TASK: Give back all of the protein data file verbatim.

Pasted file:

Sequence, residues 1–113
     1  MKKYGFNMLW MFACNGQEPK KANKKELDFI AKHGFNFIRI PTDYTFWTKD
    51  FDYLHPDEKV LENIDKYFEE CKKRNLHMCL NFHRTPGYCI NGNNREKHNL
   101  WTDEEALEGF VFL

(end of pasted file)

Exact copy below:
Sequence, residues 1–113
     1  MKKYGFNMLW MFACNGQEPK KANKKELDFI AKHGFNFIRI PTDYTFWTKD
    51  FDYLHPDEKV LENIDKYFEE CKKRNLHMCL NFHRTPGYCI NGNNREKHNL
   101  WTDEEALEGF VFL